13. jonahcutter says:

    Northern California is gorgeous, and at times mysterious. Rural, backwoods, hick, pot-grower, hippy-holdout weirdness. But you are wrong about SF. It’s a great, cosmopolitan, compact city (though with a healthy helping of its own unique silliness).

    Want a little taste of Northern Cali, watch “Homegrown”. A late-80’s indie film about pot growers.

  14. Laurentius says:

    Why everything has to be about America ? Screw this. Can someone make a game where your goal is to destroy USA, either economically, politically or socially, in last resort military ? Plz.

    • TheAngriestHobo says:

      You’ll want ISIL’s PC gaming website, Rock Paper Larger Rock.

    • epeternally says:

      Such a game already exists, it’s called the Republican party, though I can’t recommend actually playing. Such is the road to Bad Things.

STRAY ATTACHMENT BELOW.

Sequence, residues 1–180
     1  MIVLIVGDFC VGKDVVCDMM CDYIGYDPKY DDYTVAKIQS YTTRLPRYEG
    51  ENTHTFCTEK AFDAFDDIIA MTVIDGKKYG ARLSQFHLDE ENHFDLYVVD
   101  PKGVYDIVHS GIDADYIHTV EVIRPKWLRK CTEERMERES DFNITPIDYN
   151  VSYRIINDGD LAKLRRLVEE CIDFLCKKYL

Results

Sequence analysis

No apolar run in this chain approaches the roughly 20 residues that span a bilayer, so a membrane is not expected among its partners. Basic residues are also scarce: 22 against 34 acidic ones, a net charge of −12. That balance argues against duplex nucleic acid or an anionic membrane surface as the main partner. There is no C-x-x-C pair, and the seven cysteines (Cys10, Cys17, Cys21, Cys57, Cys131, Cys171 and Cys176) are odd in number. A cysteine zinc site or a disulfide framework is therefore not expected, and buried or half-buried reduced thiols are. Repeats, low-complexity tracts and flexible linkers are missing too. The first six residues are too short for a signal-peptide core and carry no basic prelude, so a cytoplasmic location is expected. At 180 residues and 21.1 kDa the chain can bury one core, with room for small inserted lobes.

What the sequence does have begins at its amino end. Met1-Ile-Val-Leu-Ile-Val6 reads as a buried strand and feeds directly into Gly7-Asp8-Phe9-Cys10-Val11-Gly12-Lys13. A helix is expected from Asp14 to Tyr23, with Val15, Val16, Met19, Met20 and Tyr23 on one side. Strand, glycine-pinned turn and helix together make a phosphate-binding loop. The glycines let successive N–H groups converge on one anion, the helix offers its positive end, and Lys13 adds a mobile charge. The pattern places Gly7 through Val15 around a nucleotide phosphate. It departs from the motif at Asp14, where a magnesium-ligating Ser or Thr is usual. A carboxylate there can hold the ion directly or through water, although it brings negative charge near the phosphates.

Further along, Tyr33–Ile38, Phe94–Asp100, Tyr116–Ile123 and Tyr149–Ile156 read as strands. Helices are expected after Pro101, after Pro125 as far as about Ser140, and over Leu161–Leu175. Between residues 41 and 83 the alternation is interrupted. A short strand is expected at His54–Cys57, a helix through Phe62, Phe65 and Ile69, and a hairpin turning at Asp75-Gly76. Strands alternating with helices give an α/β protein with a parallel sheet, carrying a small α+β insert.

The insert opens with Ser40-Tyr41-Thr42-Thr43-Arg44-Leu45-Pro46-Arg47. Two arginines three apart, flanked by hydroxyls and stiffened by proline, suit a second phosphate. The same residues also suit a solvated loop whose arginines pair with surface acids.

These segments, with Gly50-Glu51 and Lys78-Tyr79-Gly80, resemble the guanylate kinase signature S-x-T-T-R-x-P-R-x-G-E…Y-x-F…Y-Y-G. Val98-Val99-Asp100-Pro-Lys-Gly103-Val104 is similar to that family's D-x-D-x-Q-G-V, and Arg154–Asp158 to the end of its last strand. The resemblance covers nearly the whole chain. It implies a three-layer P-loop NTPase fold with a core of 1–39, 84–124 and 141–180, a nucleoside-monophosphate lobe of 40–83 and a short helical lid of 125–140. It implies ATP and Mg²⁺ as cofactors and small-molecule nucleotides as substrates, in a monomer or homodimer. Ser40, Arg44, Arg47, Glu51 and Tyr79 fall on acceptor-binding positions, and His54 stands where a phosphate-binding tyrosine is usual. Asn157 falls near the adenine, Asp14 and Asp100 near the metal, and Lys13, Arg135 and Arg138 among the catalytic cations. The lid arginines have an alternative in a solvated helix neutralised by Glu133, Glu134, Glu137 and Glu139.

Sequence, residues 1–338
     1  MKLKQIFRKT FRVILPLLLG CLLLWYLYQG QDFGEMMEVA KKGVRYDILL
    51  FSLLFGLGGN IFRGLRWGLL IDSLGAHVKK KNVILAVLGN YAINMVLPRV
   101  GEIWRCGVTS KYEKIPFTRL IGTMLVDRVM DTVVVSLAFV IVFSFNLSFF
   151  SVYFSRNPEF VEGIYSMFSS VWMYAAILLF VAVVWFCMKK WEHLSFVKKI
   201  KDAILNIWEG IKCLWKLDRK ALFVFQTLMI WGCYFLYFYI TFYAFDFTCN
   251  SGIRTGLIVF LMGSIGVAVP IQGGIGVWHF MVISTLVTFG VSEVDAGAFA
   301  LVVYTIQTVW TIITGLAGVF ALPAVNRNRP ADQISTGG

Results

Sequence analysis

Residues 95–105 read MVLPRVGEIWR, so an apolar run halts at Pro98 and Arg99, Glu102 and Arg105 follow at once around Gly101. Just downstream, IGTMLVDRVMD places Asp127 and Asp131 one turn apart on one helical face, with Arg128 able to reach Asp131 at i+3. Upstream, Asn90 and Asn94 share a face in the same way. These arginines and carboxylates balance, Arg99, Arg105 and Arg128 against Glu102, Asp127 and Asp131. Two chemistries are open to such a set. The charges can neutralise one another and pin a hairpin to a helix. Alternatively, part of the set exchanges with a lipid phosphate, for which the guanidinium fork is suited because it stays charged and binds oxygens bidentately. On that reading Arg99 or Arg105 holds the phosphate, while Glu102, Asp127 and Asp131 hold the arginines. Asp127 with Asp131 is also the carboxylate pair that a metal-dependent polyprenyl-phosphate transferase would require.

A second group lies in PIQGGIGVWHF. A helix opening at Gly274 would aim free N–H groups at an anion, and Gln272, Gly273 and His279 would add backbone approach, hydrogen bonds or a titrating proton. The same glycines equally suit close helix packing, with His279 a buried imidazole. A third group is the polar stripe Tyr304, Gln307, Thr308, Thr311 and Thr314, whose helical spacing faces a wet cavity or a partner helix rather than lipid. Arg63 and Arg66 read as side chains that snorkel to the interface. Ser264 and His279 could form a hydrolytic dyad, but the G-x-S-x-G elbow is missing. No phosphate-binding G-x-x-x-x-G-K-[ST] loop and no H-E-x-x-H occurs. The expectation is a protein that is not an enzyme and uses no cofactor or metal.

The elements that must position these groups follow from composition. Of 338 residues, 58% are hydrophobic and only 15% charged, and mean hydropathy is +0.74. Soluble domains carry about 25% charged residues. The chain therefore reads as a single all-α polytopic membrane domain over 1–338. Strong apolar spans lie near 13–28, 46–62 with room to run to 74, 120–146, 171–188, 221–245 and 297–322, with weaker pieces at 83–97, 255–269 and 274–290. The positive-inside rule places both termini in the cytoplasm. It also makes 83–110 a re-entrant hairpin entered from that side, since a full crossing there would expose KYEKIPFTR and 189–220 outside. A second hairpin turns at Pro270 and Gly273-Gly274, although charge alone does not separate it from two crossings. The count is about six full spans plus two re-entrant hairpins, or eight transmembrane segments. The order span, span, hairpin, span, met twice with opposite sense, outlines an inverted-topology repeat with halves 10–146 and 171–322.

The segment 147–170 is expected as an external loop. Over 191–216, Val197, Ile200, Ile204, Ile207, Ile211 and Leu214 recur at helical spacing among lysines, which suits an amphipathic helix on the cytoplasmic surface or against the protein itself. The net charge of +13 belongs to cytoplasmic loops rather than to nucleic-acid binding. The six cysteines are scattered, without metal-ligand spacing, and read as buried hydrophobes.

On a more serious note, I’m kinda surprised that some exposure hungry greenlight developer hasn’t yet announced a deliberately controversial destroy all American type game.

  15. Papageno says:

    Ah, you made it to Oregon, Alice–did you visit Portland (where I live)?

    • Alice O'Connor says:

      Yep! Portland is amazing and I’d love to return. Walked the city, trawled several branches of Powell’s, saw a few films, ate from diners and food trucks, bought leather supplies, drank beer out a glass boot, filled a jukebox queue with The Smiths, almost got a tattoo – the essentials.

  16. Porkins says:

    I wouldn’t drive my truck over the Goldengate if you put a gun to my head. Screw san francisco. zero truck friendliness.

  17. one2fwee says: